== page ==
Briffa, K.R., Jones, P.D., Schweingruber, F.H. and Osborn, T.J. 1998. Influence of volcanic eruptions on Northern Hemisphere summer temperature over the past 600 years. Nature 393: 450-454.
What was done
Using tree-ring wood density data from over 380 boreal forest locations in the Northern Hemisphere as a surrogate for summertime temperatures, the authors of this paper looked for effects of large volcanic eruptions on climate going back to 1400 AD.
What was learned
Major documented volcanic eruptions resulted in significant Northern Hemispheric cooling trends in the year following their occurrence. The largest temperature departure in the record was 0.81°C in 1601, the year following the eruption of Huaynaputina in Peru. Of the six centuries examined, the seventeenth century experienced the greatest number of climatically significant eruptions, exhibiting a total of six such events. Strong temperature anomalies also suggest that there were three other major eruptions during the late seventeenth century that have not been reported in historical accounts. It is also noteworthy that every Northern Hemispheric temperature departure of 0.3°C or more since 1400 (19 total events) followed a confirmed major volcanic eruption.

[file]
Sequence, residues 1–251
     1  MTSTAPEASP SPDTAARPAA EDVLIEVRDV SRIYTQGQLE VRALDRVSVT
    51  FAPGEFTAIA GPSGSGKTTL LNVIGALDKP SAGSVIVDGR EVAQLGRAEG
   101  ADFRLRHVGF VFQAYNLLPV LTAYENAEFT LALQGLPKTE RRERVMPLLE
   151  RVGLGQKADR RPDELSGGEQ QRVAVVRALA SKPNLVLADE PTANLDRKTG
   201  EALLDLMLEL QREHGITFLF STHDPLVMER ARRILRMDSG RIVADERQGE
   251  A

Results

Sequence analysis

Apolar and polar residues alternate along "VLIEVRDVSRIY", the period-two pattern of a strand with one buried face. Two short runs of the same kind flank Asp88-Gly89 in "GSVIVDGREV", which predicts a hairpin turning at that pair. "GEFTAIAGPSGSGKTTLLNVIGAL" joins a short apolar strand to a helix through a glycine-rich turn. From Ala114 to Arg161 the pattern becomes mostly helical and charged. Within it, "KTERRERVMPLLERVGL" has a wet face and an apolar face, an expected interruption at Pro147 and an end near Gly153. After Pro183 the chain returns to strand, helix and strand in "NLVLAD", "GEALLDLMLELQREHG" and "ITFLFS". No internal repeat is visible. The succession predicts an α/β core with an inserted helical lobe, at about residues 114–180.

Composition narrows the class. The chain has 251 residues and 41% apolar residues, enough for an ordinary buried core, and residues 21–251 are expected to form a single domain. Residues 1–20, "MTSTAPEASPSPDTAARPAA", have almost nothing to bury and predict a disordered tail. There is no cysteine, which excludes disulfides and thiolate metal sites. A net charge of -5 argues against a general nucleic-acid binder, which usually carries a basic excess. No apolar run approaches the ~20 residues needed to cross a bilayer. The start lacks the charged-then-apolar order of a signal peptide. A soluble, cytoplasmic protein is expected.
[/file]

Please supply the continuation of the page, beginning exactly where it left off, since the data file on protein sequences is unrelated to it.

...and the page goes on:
What it means
This study demonstrates the strong linkage between volcanic activity and large-scale temperature variability and may help to explain the period of cool temperatures referred to as the Little Ice Age, as it illustrates how closely-spaced multiple eruptions can reduce hemispheric temperatures on decadal and multi-decadal time scales and how a lack of such eruptions can result in periods of warmer global temperatures. It thus raises a warning signal about the difficulties inherent in determining the causes of temperature changes over periods of a century or less.